A Chinese space rocket falls uncontrollably. 7 billion people at risk
The hull of the Chinese heavy carrier rocket Long March 5B has plunged into the South Pacific, the US Space Command announced on Friday just before noon. The object fell out of orbit in an uncontrolled manner, and it was unknown where its debris would hit. Earlier, due to the risk of collision of the falling fragments of the Chinese rocket with planes, air traffic over parts of Spain and France was temporarily suspended.
The entry of the remains of a Chinese rocket into the Earth’s atmosphere was confirmed by the US Space Command (SPACECOM) on Friday shortly before noon. “SPACECOM can confirm that the Long March 5B rocket of the People’s Republic of China entered the Earth’s atmosphere over the south-central Pacific Ocean on November 4 at 4:01 CET / 10:01 universal time,” the release said. This means that the rocket fell at 11:01 CET. “For details of the uncontrolled site of impact, we are sending the object back to China,” he added. An hour and a half later, the US Space Command also announced a second fragment of a Chinese rocket that fell in the Northeast Pacific.
Suspended air traffic
Previously, an uncontrolled Chinese space rocket had caused difficulties in air traffic in Europe. Due to the risk posed by the passing fragments of the Chinese rocket, air traffic over part of Spain was temporarily suspended on Friday morning. Heaven was closed for less than an hour in Catalonia, Castile and Leon, the Basque Country, Aragon, the Balearic Islands, as well as in the autonomous communities of Navarre and La Rioja. According to the Spanish services, there was a “high risk” of a collision of planes with the uncontrolled falling remains of a Chinese space rocket.
Due to the suspension of aircraft traffic, flight delays are expected at most Spanish airports. A profile presenting the work of Spanish air traffic control on Twitter posted photos of the air corridor over Spain empty of planes.
The temporary suspension of air traffic due to a falling Chinese rocket also occurred over French-owned Corsica in the Mediterranean Sea. “Due to the re-entry into the Earth’s atmosphere of the cosmic remnants of the Chinese rocket, France has decided to close its airspace south of Corsica from 9:30 to 10:30,” reported the French General Directorate of Civil Aviation (DGAC).
Chinese space rocket
The Chinese Space Agency (CSMA) launched the third and final module of the Tiangong space station launched into orbit by the Long March 5B heavy carrier rocket on October 31. The module remained in outer space, however, the rocket itself was “dumped” to uncontrollably fall back to Earth. It happened because China did not equip it with the mechanisms of controlled decay from orbit – the 23-ton rocket fell in a random place and time, thus endangering people and infrastructure. It was predicted that a large part of the rocket would burn when re-entering the atmosphere, but from 10 to even 40 percent. Object mass can reach the Earth’s surface.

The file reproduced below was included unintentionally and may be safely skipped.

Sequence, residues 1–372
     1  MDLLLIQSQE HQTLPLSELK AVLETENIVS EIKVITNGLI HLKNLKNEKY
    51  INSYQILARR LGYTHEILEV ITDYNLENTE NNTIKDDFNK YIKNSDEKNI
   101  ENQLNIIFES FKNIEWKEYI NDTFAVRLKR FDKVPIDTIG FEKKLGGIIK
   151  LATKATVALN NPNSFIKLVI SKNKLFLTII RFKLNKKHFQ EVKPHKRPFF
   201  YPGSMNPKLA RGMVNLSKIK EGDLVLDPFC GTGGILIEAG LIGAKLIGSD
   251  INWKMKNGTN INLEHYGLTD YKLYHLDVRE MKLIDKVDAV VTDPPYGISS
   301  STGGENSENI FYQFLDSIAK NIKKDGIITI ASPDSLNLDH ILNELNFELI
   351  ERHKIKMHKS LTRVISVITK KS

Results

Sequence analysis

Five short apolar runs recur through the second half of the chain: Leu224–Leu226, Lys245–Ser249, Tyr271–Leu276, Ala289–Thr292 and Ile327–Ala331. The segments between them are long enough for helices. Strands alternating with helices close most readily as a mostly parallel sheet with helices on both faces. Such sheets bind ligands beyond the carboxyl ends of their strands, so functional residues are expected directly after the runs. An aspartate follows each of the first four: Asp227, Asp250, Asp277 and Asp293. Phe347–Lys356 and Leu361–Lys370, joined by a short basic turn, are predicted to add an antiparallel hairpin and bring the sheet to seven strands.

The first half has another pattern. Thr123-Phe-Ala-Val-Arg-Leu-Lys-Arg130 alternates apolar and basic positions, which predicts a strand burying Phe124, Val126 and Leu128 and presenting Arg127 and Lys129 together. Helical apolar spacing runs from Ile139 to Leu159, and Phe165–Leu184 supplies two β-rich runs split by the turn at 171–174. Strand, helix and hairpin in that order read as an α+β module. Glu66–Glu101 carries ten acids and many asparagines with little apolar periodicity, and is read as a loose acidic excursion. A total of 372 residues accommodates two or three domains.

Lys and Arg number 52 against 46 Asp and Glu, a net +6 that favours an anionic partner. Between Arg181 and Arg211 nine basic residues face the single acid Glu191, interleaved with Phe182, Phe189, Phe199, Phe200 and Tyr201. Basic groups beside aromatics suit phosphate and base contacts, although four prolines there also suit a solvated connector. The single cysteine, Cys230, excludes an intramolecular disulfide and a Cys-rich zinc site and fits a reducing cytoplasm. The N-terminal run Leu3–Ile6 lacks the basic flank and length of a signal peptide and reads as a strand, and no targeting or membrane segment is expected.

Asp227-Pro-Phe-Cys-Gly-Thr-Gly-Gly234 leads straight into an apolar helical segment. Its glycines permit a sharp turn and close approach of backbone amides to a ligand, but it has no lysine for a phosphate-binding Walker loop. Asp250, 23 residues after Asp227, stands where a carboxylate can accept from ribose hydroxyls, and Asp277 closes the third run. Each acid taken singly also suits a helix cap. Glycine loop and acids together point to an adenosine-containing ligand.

Ted Muelhaupt, a consultant at Aerospace, previously warned that “88 percent of the world’s population is in the danger zone, meaning 7 billion people are at risk.” However, he stressed that you should not panic about the threat of Chinese space debris, and people do not have to “change their lives” because of this. “There are much better chances of winning the lottery today than of being hit by this object,” explained Muelhaupt. “There will be no casualties at 99.5 percent, but that’s enough for the world to watch, prepare, and take preventive measures,” he added.
According to the forecasts of Aerospace Polska, it was not in the risk zone of an impact, but it was, inter alia, southern part of Europe, the Mediterranean Sea and half of the territory of the United States.
Most countries launching space rockets make sure that launchers do not pose a threat to Earth. It is ensured that they fall in an unpopulated area shortly after completing their mission, or even land in a controlled manner at designated landing sites – as the American company SpaceX does. China works differently, however, and allows its rockets to fall back to the planet in any way they like, once they reach orbit. This is the fourth time in 2 years that their mighty Long March 5B rocket has fallen this way. In 2020, its remains hit the territory of Côte d’Ivoire, in April 2021 it fell into the Indian Ocean, and in July 2022, the remains of the rocket weighing between 5.5 and 9.9 tons hit the Sulu Sea off the coast of the Philippines.
China’s behavior, which allows its heavy space rockets to fall uncontrolled onto our planet, is receiving international criticism. It is emphasized that such space debris can threaten the lives of many people. There are therefore voices calling for international regulations to prevent such events from happening. International law is currently imprecise on this point, says Marlon Sorge, director of Aerospace’s Space Waste Research Center. – The reality is that there are no real regulations, no international treaties that would regulate what is allowed in the field of space debris. So there is no legal way to control what is happening at the international level, he pointed out.
SPACECOM, Aerospace, SpaceNews, PAP, tvn24.pl
Main photo source: VCG via Getty Images
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